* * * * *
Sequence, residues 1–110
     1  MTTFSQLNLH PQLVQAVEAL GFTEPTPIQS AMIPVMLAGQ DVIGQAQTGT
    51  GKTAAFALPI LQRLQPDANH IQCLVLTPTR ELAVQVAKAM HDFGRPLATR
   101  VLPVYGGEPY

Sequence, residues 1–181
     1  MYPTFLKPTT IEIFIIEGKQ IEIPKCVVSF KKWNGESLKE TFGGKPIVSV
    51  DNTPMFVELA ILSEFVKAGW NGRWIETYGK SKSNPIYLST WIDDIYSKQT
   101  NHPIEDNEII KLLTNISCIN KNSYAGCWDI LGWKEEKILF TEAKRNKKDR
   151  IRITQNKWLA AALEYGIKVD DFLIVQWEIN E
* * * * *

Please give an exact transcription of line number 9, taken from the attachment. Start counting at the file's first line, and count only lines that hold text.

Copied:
   151  IRITQNKWLA AALEYGIKVD DFLIVQWEIN E